Beginning April 1, 2021, if you are a UC corresponding author of an Elsevier article in one of the eligible journals, at the time your article is accepted, you will be presented with the option for open access publication, which will appear as a default choice. Some key aspects of the workflow:

Indicating UC affiliation: In order to be included under the UC agreement, at step one of the rights and access workflow, corresponding authors will need to select their institution name from the predefined list that appears. When authors begin to type their UC institution’s name in the search box provided, the predefined list will appear.   While it is possible to provide a full institutional name through free-text typing, authors will not be included under the UC agreement unless they select their institution from the predefined list.

Making choice regarding contribution of research funds: At the “publishing options” workflow step, authors have the opportunity to elect open access, and they will see a contribution of $1,000 from the UC libraries towards the open access fee for the article being made automatically. If there is any remaining balance due on the fee (beyond the $1,000), UC authors are asked to indicate whether they have research funding available to cover the balance. If not, the UC libraries will pay the rest of the open access fee as well, and authors will be asked to specify the reason they are not able to contribute research funds.   If authors do elect to contribute research grant funds towards the remaining balance, they will be asked to supply invoicing information for payment.  The UC library payments will be handled directly between the UC libraries and Elsevier with no action required by the author.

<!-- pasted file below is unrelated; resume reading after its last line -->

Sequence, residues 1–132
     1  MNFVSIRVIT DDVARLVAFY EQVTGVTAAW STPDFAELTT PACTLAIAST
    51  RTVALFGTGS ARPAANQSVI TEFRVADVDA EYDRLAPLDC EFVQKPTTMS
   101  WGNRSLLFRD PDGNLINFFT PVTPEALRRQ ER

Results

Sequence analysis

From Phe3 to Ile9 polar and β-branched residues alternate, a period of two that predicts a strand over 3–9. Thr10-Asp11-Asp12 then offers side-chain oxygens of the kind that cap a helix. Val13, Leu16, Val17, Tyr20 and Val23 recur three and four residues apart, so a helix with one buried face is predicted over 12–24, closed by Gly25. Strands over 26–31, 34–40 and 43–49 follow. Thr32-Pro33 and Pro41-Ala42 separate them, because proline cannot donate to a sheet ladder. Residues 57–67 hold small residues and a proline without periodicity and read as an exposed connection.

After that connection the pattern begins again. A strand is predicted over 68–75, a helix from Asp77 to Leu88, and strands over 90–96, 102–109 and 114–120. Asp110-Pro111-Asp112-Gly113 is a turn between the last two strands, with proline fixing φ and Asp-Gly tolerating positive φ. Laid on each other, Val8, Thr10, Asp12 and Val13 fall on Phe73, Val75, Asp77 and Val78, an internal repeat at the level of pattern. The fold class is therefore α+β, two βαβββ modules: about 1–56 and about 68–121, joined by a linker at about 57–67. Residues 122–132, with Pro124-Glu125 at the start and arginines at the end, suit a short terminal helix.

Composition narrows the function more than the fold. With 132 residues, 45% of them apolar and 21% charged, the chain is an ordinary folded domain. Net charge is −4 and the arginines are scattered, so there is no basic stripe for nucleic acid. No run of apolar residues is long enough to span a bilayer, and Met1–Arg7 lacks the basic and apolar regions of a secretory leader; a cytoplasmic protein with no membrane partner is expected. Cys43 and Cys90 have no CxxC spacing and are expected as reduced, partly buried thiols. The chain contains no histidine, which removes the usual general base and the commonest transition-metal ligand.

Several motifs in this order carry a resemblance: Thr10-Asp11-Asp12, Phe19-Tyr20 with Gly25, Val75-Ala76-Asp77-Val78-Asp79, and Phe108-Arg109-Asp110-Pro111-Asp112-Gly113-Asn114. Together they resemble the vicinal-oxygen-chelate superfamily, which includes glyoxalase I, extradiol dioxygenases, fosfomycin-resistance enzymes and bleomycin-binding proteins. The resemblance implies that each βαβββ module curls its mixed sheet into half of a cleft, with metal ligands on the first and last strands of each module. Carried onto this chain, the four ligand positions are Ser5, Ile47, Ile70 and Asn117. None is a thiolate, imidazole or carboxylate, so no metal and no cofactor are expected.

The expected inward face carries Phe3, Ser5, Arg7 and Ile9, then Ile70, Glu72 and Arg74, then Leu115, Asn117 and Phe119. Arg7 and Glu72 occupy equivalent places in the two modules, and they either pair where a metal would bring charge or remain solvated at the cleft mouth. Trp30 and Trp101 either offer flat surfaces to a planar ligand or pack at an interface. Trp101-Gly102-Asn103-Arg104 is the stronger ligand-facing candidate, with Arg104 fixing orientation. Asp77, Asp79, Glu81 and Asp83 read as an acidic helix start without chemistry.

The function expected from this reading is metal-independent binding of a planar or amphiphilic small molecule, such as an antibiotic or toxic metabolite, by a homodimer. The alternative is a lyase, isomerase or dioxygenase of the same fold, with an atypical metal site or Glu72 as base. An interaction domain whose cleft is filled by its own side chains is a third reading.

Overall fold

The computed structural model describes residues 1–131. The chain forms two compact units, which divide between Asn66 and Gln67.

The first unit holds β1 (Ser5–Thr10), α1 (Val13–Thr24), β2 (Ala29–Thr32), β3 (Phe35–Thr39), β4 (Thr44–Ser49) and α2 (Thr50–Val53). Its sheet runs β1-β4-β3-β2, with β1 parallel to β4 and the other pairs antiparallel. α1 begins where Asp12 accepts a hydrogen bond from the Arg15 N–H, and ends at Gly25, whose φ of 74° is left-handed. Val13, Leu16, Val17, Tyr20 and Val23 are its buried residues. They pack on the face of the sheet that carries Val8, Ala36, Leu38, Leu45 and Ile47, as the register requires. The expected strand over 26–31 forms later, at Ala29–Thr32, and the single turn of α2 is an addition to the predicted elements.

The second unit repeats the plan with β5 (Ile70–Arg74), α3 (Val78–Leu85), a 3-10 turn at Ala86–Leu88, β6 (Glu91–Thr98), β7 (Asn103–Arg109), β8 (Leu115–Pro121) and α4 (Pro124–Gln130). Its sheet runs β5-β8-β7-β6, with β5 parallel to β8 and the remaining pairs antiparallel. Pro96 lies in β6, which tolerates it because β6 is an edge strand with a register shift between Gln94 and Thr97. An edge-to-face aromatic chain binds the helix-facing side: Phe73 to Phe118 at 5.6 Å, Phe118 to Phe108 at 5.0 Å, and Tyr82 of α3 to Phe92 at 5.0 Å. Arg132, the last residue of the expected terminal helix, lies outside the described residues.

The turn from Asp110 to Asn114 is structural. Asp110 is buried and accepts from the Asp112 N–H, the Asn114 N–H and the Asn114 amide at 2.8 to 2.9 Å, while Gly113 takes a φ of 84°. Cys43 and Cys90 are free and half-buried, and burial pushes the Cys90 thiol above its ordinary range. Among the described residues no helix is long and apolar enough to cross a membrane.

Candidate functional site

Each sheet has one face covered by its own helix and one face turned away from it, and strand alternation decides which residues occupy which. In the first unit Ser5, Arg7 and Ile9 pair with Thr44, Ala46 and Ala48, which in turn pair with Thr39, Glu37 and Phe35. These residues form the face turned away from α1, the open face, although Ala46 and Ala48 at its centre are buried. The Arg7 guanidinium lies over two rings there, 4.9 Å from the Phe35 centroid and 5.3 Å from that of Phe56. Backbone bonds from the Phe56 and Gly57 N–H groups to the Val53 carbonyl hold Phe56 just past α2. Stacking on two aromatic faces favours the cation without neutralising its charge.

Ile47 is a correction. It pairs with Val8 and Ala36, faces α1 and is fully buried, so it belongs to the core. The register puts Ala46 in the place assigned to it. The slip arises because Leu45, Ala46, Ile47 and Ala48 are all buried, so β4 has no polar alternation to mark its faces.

Providing invoicing information: Authors who elect to contribute research funds to cover the remainder of the open access fee will be asked to specify an institutional billing address where the invoice should be sent, for the portion of the APC to be paid with research funds.   For details regarding how to complete that information, or about other payment processes, please consult your PI, research group, department head, or sponsored projects/research office for best practices. 

Authors will still have the option to decline the open access option and publish their articles on a subscription (pay-to-read) basis if they so choose.

Can I ask my campus open access fund to cover the balance of the Article Processing Charge?

No, because campus open access publishing funds are set up to provide funding support for cases where there is no other source of funds available to the author.  If you do not have sufficient research funds to cover the balance of the Article Processing Charge that remains after the UC libraries discount and $1000 subvention have been applied, you should indicate within the Elsevier workflow process that you are seeking full funding of the APC charges from the UC libraries.  If you do request this full funding from the UC libraries, you will not be billed for any portion of the APC.

Resources

Where can I go for more information?